War Against All Puerto Ricans by Nelson Denis, 2015, Excerpts
Ponce’s La Cantera was one of the island’s poorest districts. Albizu rented a wooden house on a dirt road and from a hill behind his house, he could see the Central Constancia sugar cane plantation. The vista showed an infinity of cane: thousands of rows, multiplied in successive mirrors, all the way to the Atlantic Ocean.
Albizu was practicing povety law, and his clients were simple people – mostly sugar can workers and jibaros – who paid with chickens, vegetables, and sometimes a simple thank-you. Albizu had no savings or property, but he was building something more important:” a reputation as a man of principle, a man who could be trusted. This reputation grew when he started writing for El Nacionalista de Ponce and advocating for independence around the island.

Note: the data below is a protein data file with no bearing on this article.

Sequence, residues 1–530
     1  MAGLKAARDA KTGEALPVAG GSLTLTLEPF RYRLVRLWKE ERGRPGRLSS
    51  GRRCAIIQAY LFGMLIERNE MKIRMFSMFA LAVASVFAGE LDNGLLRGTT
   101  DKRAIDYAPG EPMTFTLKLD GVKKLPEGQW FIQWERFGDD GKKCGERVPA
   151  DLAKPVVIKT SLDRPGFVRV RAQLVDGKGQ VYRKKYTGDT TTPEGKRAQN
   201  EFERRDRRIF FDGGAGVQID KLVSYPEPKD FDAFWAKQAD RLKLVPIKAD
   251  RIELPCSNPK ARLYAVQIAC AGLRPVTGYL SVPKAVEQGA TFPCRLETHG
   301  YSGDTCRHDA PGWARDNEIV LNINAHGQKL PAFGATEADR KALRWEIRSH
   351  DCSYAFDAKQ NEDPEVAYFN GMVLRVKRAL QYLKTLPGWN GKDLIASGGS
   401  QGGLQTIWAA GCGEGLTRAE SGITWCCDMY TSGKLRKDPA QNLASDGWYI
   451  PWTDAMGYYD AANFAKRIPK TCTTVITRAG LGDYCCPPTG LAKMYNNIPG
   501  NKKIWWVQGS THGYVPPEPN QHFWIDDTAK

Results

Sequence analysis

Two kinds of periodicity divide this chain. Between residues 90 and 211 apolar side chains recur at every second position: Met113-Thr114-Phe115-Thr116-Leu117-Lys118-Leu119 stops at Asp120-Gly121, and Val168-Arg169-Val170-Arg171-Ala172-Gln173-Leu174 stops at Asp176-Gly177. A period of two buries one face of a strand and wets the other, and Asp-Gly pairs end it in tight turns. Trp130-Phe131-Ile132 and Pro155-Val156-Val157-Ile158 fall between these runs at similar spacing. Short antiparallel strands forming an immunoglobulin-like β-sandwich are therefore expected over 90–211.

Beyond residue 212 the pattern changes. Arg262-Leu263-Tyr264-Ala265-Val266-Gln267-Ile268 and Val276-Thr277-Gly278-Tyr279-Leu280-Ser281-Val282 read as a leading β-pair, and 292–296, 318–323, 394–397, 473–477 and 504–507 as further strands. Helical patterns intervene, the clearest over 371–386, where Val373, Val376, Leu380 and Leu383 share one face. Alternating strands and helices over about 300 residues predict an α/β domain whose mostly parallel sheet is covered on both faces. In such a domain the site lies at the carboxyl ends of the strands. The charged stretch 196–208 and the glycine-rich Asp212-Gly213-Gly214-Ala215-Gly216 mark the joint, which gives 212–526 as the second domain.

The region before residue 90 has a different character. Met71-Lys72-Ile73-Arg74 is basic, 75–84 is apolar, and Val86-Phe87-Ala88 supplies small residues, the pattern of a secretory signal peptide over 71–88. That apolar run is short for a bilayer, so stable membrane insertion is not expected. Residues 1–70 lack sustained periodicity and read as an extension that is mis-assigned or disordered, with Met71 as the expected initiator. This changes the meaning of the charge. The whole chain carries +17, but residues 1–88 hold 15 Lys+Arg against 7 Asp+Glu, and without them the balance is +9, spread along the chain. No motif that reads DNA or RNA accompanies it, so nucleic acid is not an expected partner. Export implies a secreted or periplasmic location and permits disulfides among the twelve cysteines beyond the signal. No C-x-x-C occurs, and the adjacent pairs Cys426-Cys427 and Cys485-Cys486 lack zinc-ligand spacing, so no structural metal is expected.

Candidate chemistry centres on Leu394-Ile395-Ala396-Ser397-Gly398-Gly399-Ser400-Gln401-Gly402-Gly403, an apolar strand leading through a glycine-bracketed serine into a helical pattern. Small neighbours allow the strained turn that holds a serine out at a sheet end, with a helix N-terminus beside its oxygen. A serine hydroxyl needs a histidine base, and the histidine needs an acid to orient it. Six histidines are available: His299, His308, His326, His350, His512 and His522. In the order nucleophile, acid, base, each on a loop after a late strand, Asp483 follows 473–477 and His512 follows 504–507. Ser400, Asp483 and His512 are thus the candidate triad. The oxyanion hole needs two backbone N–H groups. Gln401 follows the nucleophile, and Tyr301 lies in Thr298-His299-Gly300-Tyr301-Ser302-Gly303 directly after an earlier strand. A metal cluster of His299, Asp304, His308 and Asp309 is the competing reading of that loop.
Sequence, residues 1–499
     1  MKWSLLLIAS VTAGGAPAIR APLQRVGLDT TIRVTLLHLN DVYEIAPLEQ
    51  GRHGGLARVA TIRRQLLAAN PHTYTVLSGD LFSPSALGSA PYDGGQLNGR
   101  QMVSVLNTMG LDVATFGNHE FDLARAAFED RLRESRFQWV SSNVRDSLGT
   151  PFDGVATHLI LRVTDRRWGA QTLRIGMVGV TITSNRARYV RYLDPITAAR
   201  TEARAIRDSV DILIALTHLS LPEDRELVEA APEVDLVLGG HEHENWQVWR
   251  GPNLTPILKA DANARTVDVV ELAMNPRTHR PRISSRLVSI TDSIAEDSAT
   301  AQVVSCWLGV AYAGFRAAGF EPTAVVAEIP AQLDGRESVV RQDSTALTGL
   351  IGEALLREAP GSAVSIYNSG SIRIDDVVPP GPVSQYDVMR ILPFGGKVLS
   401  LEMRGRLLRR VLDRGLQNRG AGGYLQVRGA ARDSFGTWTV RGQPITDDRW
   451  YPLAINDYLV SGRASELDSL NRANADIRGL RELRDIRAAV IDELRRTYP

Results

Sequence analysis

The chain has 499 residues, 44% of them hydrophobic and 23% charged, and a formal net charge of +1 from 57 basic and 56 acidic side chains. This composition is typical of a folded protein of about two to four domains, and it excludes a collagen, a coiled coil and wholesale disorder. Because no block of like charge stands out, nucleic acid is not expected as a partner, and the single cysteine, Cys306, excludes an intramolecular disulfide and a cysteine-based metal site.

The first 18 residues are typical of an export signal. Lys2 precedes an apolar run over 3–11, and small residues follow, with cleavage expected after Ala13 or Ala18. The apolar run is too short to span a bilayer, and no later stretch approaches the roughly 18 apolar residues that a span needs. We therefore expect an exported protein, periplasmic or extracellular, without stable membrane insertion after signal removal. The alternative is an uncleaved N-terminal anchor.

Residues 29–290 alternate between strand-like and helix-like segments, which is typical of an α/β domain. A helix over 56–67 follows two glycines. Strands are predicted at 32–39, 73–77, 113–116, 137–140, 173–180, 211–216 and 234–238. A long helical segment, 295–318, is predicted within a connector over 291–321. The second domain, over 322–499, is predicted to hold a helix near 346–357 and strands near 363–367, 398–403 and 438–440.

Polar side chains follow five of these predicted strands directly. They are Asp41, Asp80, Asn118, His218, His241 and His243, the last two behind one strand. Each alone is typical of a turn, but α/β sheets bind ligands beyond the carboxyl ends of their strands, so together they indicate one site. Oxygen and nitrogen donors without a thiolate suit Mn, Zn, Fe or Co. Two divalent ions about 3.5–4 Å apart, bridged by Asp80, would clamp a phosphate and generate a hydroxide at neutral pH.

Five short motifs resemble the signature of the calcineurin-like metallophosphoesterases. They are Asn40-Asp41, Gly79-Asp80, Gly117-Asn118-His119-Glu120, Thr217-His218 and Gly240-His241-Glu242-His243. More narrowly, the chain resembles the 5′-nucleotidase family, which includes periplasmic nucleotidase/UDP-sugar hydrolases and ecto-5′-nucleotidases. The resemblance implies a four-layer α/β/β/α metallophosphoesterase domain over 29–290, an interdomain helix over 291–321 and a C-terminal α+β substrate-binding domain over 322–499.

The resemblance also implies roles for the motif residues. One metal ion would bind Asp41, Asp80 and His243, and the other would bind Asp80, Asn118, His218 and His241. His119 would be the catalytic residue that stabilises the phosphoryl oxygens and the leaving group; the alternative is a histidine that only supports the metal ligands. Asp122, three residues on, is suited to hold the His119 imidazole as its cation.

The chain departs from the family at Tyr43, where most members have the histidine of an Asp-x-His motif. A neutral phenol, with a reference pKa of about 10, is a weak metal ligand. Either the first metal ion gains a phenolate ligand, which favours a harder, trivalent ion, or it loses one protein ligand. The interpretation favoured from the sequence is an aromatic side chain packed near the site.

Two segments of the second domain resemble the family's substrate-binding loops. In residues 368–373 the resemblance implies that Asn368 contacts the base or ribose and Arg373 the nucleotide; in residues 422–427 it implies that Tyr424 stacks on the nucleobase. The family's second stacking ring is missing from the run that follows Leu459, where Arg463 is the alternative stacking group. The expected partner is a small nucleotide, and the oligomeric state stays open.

From 1927 to 1930, he traveled to Cuba, Panama, Mexico, Venezuela, Peru, the Dominican Republic, and Haiti, campaigning and networking for his revolution. When he spoke about US banks owning Puerto Ricans’ land, the US Navy controlling their borders, the US Congress writing their laws, and US companies paying them starvation wages in the sugar fields, everyone knew what he was talking about.